The Use of Mixed Reality to Teach Healthcare Providers Cardiopulmonary Resuscitation:

A Mapping Review

Authors

  • Nino Fijačko University of Maribor, Faculty of Health Sciences, Maribor, Slovenia https://orcid.org/0000-0003-2722-0049
  • Matej Strnad University of Maribor, Faculty of Medicine, Maribor, Slovenia https://orcid.org/0000-0002-4505-557X
  • Pavel Skok University of Maribor, Faculty of Medicine, Maribor, Slovenia
  • Zalika Klemenc Ketiš Ljubljana Community Health Centre, Ljubljana, Slovenija
  • Uroš Zafošnik Ljubljana Community Health Centre, Ljubljana, Slovenija
  • Robert Greif Department of Anaesthesiology and Pain Medicine, Bern University Hospital, University of Bern, Bern, Switzerland https://orcid.org/0000-0003-0160-2073

DOI:

https://doi.org/10.31247/agnj.v1iS1.3

Abstract

Research question: The recent educational guidelines for cardiopulmonary resuscitation (CPR) emphasize immersive technologies such as mixed reality (MR). According to the reality-virtuality continuum, MR is defined as a concept that encompasses both augmented reality and augmented virtuality. Immersive technologies improve the learning outcomes of healthcare providers in education through the simulation of various scenarios.

Methodology: This mapping review aims to present MR solutions for teaching CPR and assess the level of MR education effectiveness in the field of CPR education. In February 2022, we conducted a preliminary mapping review using Pubmed and Google Scholar. We excluded articles which focused only on virtual reality for CPR education. The Modified Kirkpatrick Model was used to evaluate the level of educational effectiveness in teaching CPR with MR.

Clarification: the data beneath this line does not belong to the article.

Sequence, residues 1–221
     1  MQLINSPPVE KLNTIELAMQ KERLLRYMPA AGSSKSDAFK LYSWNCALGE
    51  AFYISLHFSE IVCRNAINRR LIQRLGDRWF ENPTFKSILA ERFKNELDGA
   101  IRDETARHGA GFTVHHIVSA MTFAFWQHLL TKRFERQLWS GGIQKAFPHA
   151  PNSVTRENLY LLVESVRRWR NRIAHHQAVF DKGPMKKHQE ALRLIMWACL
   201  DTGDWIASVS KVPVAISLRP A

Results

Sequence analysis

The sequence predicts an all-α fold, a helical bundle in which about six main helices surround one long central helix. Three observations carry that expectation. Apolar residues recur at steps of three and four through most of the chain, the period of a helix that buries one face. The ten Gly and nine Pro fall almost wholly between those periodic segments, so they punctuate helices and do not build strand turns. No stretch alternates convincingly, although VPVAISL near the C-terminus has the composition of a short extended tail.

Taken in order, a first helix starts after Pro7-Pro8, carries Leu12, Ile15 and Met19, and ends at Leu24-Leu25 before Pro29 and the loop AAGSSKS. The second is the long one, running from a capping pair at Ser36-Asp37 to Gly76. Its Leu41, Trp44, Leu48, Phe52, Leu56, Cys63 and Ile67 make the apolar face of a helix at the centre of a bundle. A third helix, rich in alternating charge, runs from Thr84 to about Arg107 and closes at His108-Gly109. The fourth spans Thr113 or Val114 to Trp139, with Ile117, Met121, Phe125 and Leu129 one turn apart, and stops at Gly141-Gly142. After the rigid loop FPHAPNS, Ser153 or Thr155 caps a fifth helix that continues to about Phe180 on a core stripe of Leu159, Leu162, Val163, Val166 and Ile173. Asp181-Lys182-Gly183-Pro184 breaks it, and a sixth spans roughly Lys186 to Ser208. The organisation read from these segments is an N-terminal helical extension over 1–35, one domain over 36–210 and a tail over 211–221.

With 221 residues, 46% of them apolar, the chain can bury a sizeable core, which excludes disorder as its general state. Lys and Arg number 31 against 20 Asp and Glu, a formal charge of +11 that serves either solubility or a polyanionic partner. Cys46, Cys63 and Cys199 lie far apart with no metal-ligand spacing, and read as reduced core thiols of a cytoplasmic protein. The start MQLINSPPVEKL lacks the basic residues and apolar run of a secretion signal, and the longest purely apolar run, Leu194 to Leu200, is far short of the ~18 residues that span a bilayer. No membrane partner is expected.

Results: A total of 46 studies were identified and 9 full text studies were reviewed. MR solutions were generally developed for teaching healthcare providers adult CPR with automated external defibrillator (7/9, 78%). Only two MR solutions were developed for specific simulation scenarios like paediatric septic shock. In all studies, Level 1: Reaction (e.g., healthcare providers’ views on the learning experience) and Level 2: Learning (e.g., change in attitudes and modification of CPR knowledge or skills) were classified by the Modified Kirkpatrick Model. There were no Level 3: Behaviour (e.g., change in behaviours) and Level 4: Results (e.g., change in the system/organizational practice) in the reviewed studies.

Interpretation: Our results show that an MR learning environment could be an effective training tool for teaching healthcare providers CPR procedures. In the future, MR could replace traditional practices to save time and yield better performance, although more evidence is needed for MR to become a standard in CPR training.

Author Biographies

  • Nino Fijačko, University of Maribor, Faculty of Health Sciences, Maribor, Slovenia

    ERC Research Net, Niels, Belgium

    Ljubljana Community Health Centre, Ljubljana, Slovenija

  • Zalika Klemenc Ketiš , Ljubljana Community Health Centre, Ljubljana, Slovenija

    University of Maribor, Faculty of Medicine, Maribor, Slovenia

    University of Ljubljana, Faculty of Medicine, Maribor, Slovenia

  • Robert Greif, Department of Anaesthesiology and Pain Medicine, Bern University Hospital, University of Bern, Bern, Switzerland

     

    Ljubljana Community Health Centre, Ljubljana, Slovenija

    School of Medicine, Sigmund Freud University Vienna, Vienna, Austria

Published

2022-04-21

How to Cite

The Use of Mixed Reality to Teach Healthcare Providers Cardiopulmonary Resuscitation: : A Mapping Review. (2022). AGN Journal, 1(S1). https://doi.org/10.31247/agnj.v1iS1.3